Be of good courage, and live
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We often use sports analogies and metaphors to explain team dynamics. However, improv comedy performance troupes are probably a better example.
Improv performance artist
In this podcast, I talk with Terry Catlett, an improv performance artist, about his experience learning to communicate with and trust improv performers in the wacky spontaneous world of improv.
Terry Catlett is a performer, writer, and teacher of improvisational performance methods at the Four Day Weekend academy in Ft. Worth, TX. He has also worked with the Dallas Comedy House. He performs regularly with several improv groups including Atlantic Pacific Billy, Kool-Aid, Franzia, and David & Terry.
The podcast covers several important team building themes that improv performance troupes face: communication, listening, personal accountability, acceptance, being non-judgmental, and working in a selfless and cohesive environment for the team goals.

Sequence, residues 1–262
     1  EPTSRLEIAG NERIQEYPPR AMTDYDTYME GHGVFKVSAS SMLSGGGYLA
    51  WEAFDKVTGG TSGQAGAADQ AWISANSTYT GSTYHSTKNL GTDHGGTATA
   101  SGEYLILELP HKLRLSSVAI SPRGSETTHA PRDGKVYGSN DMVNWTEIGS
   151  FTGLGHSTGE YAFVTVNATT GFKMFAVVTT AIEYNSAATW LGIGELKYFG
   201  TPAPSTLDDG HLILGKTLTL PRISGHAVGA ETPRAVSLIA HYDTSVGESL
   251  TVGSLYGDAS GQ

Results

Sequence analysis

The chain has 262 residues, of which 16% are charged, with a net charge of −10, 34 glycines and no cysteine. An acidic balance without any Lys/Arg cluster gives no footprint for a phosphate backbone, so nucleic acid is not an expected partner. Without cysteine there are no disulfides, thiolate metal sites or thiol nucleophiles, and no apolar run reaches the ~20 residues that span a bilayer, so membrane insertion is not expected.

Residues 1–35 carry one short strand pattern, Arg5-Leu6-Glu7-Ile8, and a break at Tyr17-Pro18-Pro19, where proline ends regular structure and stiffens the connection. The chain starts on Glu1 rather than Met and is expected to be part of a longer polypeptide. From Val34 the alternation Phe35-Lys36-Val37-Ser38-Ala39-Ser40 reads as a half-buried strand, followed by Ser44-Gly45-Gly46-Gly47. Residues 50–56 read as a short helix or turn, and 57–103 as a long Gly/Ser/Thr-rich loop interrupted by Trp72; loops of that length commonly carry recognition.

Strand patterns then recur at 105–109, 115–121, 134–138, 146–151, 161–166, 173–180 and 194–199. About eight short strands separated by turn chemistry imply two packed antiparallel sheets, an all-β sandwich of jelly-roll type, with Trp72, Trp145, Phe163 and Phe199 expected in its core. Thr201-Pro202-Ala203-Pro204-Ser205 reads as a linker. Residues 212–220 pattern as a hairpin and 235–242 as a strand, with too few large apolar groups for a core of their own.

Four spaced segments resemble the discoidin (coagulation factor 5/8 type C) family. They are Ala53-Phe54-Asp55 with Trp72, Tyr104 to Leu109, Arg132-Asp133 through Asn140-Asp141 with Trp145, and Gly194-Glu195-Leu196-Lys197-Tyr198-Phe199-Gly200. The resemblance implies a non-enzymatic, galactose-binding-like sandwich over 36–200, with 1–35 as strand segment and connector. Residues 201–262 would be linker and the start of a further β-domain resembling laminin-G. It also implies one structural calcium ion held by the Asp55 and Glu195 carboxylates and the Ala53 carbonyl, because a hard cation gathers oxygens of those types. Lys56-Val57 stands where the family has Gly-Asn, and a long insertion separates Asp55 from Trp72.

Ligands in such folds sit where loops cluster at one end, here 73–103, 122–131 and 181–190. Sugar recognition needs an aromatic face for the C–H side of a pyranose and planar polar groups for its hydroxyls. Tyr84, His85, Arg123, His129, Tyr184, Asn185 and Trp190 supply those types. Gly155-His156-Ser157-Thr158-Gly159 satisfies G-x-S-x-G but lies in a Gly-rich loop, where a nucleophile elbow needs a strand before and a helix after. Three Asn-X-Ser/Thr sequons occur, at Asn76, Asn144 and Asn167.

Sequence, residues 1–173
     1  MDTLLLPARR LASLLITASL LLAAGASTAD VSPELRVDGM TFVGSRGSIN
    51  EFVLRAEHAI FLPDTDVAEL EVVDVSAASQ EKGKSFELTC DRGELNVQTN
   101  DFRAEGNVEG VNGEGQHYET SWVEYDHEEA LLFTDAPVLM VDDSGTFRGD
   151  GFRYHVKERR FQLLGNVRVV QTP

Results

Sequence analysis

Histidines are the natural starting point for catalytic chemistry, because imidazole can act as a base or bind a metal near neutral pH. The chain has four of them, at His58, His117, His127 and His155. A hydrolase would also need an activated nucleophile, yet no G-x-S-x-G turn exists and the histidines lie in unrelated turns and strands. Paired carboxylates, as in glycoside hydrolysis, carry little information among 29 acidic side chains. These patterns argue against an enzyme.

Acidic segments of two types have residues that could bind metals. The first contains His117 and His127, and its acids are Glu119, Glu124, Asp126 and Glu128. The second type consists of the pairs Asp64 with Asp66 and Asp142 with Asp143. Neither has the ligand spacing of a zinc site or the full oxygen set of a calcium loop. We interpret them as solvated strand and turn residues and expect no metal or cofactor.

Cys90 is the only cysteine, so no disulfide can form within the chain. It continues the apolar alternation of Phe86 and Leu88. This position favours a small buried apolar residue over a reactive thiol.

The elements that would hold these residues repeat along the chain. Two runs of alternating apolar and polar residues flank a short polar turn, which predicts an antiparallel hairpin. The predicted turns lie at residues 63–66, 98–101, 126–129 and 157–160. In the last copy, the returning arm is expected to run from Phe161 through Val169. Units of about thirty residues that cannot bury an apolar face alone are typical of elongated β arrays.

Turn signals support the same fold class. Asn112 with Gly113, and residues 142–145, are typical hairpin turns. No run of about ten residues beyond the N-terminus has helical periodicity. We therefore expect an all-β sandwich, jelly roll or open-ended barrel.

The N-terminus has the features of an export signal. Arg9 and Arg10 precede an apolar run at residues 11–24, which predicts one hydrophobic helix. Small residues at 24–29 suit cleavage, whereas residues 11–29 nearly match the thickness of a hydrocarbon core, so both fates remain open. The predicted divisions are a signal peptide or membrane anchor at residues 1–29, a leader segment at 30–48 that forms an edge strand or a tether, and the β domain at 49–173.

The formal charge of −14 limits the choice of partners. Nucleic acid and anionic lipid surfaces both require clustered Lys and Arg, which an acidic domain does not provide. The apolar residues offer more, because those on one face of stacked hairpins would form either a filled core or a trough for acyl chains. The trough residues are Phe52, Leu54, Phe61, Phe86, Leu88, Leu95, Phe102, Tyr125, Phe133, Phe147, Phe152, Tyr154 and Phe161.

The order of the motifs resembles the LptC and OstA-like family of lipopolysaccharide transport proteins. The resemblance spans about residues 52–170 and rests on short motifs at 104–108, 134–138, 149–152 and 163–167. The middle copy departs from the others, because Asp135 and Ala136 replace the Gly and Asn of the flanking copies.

We hate change because it disrupts our comfort zone. The greater the disruption, the more we hate it. But the cost of not changing might be catastrophic, even fatal.
However, I have to admit that where I am today in my comfort world once was uncomfortable until I got through the change cycle that made my current comfort state possible. Growing pains are inevitable, and we make it through.
Here is my simplified understanding of all change cycles:
1. Things are good, until they are not.
2. Then, things get progressively worse, until one day . . .
3. We decide we must fix what has now become a problem.
4. During the fix, things often get even worse, and we wonder what we were thinking that caused us to disrupt our comfort world. We might even pine for the happy days when things were sublime, even though they really were not that great. We remember that the comfort world had become uncomfortable; hence, the temporary disruption.
5. Finally, we make it through the change process, and everything is much better–even wonderful. We are thankful we persevered through the change, until one day we notice things are not as good as they once were.
6. The cycle repeats.
Admit it. I’m right about this.
During this process there is an escalating cost of doing nothing. When should we intervene and set the change process in motion?